Memphis (AAA), Springfield (AA), Palm Beach (High-A), Peoria (Low-A), State College (short-season A), Johnson City (short-season A), Gulf Coast League Cardinals (rookie A)
Dominican Summer League Club A, Dominican Summer League Club B
The Cardinals own the three lowest levels and they own Springfield. They no longer own Memphis, as they once did, but do have business/licensing stakes and agreements with Memphis and Johnson City.
The shutdown of the 2020 season is going to lead to some teams in the minors vanishing because they will go out of business. Simple as that. Restructuring will be forced upon the minors, and the affiliates the Cardinals keep/have at the end of it will depend somewhat on what subsidies they provide and what leagues are open to them. If a league shuts down, the Cardinals won't have that affiliate, obviously.
Photo: AutoZone Park, home of the Triple-A Memphis Redbirds. (Post-Dispatch photo by Chris Lee)
QUESTION: If there are games at Busch without fans, won’t that lead to people crowding around the stadium to look in, as well as bringing their own 12-packs and binoculars to the upper levels of nearby parking garages? It seems to me every plan has pitfalls.
GOOLD: These are fair questions, and crowd control outside the ballpark will have to be enforced based on the policies of the city and the state and the team at that point. The Cardinals have invested millions in security around the ballpark, and they would have to take an active part in separating or moving crowds, especially if the gatherings are so large that they violate MLB or the city policies.
I guess the question becomes would you rather watch the game on TV or through a sliver of an entry of the ballpark or the distant binocs of the parking garage. Wouldn't you rather see the game? Each person would have to decide that, but the policies and laws of the city would also direct the reaction.
Follow-up: Do the Cardinals plan on opening up the seats on the roof at Ballpark Village for games?
GOOLD: For games? No fans means no fans. This idea has not come up in any of the conversations I've had, and that's largely because it's not about how close the fans are to the field, it's how close the fans are to each other. And what is governing that is the social distancing and crowd-size rules of the city and county.
If they could put fans in those stands, then why not put them in the upper-deck at a similar distance -- heck, even more of a distance because of the vast vacant sections.
Photo: Fans watch Game 3 of the 2013 World Series at Busch Stadium from the Stadium East garage. (Post-Dispatch photo by Laurie Skrivan)
QUESTION: Do you think this year's events will affect some of the struggling teams? Do you see any teams getting more leverage to move, like Tampa? Do you see any who might not survive it if this lasts into next year? Some of these teams don't have deep pockets -- how long would a wealthy owner want to pay out of pocket?
GOOLD: The ramifications of this year could be industry-changing. Absolutely. There are teams that will be in financial trouble -- and the league (other owners) will have to bail them out. It's entirely possible that coming out of this there's more and more and more talk about expansion, just to get the cash infusion from expansion fees. The owners could use that to support some of the teams that are struggling at the end of this.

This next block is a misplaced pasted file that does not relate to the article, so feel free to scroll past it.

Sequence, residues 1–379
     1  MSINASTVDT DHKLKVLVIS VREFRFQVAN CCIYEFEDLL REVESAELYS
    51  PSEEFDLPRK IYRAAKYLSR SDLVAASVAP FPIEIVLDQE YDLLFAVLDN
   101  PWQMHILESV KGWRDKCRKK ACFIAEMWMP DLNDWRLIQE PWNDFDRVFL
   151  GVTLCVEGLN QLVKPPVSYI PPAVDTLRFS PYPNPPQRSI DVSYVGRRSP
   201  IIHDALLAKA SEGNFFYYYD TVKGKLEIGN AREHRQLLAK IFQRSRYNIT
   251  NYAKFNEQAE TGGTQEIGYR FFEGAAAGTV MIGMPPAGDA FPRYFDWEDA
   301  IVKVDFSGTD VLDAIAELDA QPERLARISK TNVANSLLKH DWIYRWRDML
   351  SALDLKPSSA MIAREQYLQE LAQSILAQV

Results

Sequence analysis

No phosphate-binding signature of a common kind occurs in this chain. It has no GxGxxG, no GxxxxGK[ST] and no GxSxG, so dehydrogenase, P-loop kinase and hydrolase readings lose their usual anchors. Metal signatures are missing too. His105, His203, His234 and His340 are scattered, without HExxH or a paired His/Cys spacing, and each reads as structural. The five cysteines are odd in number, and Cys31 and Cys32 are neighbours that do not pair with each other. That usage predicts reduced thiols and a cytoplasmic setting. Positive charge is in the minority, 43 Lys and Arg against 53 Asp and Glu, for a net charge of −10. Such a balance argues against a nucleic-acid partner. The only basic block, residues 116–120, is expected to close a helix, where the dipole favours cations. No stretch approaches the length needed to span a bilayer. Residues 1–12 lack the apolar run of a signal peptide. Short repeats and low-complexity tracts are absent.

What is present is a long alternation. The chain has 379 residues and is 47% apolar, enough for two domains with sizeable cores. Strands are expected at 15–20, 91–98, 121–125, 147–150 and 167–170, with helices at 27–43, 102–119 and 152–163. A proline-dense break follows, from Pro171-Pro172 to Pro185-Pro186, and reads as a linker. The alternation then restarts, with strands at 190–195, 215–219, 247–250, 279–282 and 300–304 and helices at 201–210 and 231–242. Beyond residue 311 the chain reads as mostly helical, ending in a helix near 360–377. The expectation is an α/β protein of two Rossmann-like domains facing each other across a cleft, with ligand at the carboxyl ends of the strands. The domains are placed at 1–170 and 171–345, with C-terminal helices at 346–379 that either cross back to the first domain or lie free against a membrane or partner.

A real question is what the Cubs look like after this -- what with the launch of their new network coinciding with zero games, a hotel that is empty beside the ballpark, and all of the work to revitalize the area and change the area around the ballpark. Those loans must be paid, right?
And they're not alone. You mention Tampa. Oakland is also in a bind. The league has deep pockets. And those will be explored to save some of the teams, or at least support them in the short-term.
QUESTION: Would the 5-round MLB draft be more beneficial to the Cardinals (relative to other teams), as undrafted players can all effectively just pick any team to sign with for the $20K bonus? Would the Cardinals be more effective than other teams in selling their player development system for the players who would still elect to go pro?
GOOLD: I'm skeptical. It seems like this draft is going to favor the teams with the more favorable popularity, geography, and maybe even the holes in their system. The Cardinals are going to be hurt by a few of those elements -- including their location and the depth in their system.
You don't have to look further than the chat to see some of the Cardinals' reputations for cost control and conservatism. How does that trickle into the consideration? Agents will have it in mind. Agents/advisers will also have it mind for how and where the player fits into the organization, the depth at the position, the need for the future, and so on.
One of the strengths of the Cardinals' drafts has been their ability to find talent down ballot, lower in the draft, and then develop it -- because they have the control via the draft. I don't think we could suggest that Matt Carpenter, if he had a choice, would have signed with the Cardinals for a puny bonus, or that Albert Pujols would have, or that Trevor Rosenthal would have been ... But they were all drafted late by the Cardinals and the Cardinals had their rights and that's what happened.